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The so called ‘Death Tax’ rears it’s ugly head again as the subject of probate reform is being reviewed once more, after HUGE resistance last time around…

See the following article from the Mirror to learn more about these proposed changes and what it could mean for you.

Thousands of bereaved families face a jump in fees payable after the death of a relative. The maximum charge for a grant of probate will be £6,000 under a new sliding scale.

However, the increase will be less dramatic than the Government’s original proposals to introduce fees of up to £20,000.

Obtaining a grant of probate is the process by which someone is given the authority to deal with the property, money and possessions of someone after they die. It is usually sought by the executor of a will or a person acting on their behalf. Around half of deaths lead to an application for a grant of probate in England and Wales.

Under the existing system, there is a flat probate fee of £215 for individuals and £155 for applications made through a solicitor. Estates valued at under £5,000 are exempt.

Ministers unveiled plans to overhaul the approach in 2016, but the proposed reforms – condemned as a “stealth death tax” by critics – were ditched ahead of the General Election last year. On Monday, the Government laid legislation to introduce a new “banded” structure for probate fees.

The new plans for probate

Under the plans, all estates valued at less than £50,000 will be exempt from probate fees. The Ministry of Justice said this would take an additional 25,000 estates a year out of the requirement to pay the fees.

But for estates that are not exempt, the costs will be higher.

The new system will be banded according to the value of estates, before inheritance tax.

Fees will start at £250 for estates valued at £50,000-£300,000, rising incrementally. The highest fee is set at £6,000 for estates worth more than £2 million.

Justice minister Lucy Frazer said: “Our system will see thousands of bereaved families paying no probate fees at all – protecting 25,000 estates each year.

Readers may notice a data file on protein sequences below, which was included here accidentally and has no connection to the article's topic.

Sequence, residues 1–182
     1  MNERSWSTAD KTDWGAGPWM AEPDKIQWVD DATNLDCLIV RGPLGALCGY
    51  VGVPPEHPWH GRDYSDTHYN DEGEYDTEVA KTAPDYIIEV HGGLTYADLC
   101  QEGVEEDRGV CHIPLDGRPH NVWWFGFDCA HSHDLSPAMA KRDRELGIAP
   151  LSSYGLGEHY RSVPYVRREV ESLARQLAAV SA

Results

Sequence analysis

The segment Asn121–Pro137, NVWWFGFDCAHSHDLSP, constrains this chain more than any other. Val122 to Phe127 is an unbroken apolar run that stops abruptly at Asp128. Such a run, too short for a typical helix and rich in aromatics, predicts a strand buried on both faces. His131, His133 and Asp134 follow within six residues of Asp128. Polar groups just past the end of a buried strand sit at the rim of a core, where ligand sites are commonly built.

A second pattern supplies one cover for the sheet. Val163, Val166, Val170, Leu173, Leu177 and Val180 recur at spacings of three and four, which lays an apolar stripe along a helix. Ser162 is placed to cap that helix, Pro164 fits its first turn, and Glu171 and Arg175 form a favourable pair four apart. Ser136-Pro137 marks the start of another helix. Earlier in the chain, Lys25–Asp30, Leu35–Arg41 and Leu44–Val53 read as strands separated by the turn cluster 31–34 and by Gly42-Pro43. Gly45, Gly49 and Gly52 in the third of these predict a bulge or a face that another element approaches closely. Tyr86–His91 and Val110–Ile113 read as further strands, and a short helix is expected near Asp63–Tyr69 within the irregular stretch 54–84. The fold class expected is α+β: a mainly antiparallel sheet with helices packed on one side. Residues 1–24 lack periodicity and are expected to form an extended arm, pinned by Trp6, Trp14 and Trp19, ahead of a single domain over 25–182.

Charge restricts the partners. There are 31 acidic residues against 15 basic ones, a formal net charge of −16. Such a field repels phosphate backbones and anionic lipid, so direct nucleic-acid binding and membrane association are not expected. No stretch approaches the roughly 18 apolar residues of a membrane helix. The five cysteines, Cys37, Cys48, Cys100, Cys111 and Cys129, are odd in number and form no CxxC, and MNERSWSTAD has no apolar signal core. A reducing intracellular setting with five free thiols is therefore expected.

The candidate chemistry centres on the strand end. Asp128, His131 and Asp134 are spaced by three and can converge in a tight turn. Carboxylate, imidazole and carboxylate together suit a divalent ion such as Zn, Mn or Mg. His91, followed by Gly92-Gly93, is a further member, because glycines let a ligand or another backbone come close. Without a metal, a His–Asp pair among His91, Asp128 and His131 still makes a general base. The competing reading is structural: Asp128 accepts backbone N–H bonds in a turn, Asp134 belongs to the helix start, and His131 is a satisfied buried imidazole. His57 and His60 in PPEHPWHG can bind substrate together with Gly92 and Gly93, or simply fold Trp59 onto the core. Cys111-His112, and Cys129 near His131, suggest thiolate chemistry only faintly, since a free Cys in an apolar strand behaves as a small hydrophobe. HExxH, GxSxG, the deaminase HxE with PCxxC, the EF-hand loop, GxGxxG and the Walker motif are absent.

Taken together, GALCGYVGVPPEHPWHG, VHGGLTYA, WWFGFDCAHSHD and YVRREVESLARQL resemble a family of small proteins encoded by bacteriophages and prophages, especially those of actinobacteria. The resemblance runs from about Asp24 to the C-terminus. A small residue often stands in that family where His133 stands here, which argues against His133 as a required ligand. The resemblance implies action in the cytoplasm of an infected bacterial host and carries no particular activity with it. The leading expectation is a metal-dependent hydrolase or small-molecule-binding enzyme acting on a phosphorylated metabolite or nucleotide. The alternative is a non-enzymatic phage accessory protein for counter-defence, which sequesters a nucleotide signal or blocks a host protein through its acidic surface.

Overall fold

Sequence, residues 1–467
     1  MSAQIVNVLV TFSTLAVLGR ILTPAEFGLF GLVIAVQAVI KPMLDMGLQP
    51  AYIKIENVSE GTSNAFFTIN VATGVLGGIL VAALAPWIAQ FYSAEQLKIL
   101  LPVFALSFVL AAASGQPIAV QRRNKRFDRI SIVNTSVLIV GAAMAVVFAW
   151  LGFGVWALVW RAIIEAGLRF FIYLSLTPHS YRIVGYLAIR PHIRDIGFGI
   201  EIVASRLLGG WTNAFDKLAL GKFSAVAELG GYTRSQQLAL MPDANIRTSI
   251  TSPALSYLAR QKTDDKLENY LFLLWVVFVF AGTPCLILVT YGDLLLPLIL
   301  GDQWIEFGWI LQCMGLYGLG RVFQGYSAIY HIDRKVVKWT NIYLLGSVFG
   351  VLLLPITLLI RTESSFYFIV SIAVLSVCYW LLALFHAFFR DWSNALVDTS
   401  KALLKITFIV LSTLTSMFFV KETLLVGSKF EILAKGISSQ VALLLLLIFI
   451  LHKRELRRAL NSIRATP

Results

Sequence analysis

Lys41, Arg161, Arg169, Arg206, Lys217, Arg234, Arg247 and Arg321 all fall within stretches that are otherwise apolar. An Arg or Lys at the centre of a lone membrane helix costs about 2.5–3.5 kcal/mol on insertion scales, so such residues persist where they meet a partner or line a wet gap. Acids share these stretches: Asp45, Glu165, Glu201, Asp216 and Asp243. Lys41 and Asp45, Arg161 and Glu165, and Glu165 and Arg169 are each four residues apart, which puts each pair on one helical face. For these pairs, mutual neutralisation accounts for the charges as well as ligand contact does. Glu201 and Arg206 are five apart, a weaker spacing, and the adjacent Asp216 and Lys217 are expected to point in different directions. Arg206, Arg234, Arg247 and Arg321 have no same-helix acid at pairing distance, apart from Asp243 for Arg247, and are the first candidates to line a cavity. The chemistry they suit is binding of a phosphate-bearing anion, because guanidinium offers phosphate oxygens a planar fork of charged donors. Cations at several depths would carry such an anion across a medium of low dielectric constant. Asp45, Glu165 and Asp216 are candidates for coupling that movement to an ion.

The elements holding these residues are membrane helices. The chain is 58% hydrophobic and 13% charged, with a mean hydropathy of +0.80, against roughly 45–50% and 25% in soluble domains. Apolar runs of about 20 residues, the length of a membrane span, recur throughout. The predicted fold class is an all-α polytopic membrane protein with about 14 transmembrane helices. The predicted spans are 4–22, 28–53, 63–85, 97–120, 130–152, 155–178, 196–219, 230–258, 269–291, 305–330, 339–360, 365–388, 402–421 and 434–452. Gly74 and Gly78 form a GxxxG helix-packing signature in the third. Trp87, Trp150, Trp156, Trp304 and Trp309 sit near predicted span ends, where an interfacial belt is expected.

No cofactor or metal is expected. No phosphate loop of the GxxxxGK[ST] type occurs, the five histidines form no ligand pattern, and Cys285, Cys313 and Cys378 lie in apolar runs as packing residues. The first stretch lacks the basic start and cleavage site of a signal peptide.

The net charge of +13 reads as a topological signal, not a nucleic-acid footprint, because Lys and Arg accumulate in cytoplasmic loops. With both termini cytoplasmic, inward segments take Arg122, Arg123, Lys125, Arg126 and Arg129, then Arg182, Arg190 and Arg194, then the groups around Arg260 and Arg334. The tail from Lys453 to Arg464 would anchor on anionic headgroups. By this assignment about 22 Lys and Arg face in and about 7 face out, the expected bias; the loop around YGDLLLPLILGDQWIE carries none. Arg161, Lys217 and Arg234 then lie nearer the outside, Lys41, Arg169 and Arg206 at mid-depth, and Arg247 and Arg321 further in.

“We have listened closely to concerns around early proposals. Fees will never be more than 0.5% of the estate’s value, and are recoverable from the estate.

“Fees will be set at a level to ensure that they will only be paid by those who can afford them, with all income going directly to our courts and tribunals – ensuring justice is done, and protecting victims and vulnerable people.”

Source – Hayden Smith | Mirror
Read the original, full article here

Continued…
Some additional insight from our friends at STEP

The new charges bear no relation to the cost of probate, and are simply another form of taxation, sneaked in through the back door.

The government has failed to explain why it is choosing to place this burden on bereaved families, many of whom will have spent months or years paying expensive care fees for their elderly relatives. It is this group which has been singled out to shoulder the cost of the courts service via this additional tax, to be paid on top of IHT and legal expenses.

The government still plans to try and introduce this measure without any proper debate via statutory instrument. STEP has obtained a legal opinion which confirms that, given the tax nature of this measure, this is an abuse of the parliamentary process, a view shared by the House of Commons Joint Committee on Statutory Instruments.

Read the full article from STEP here

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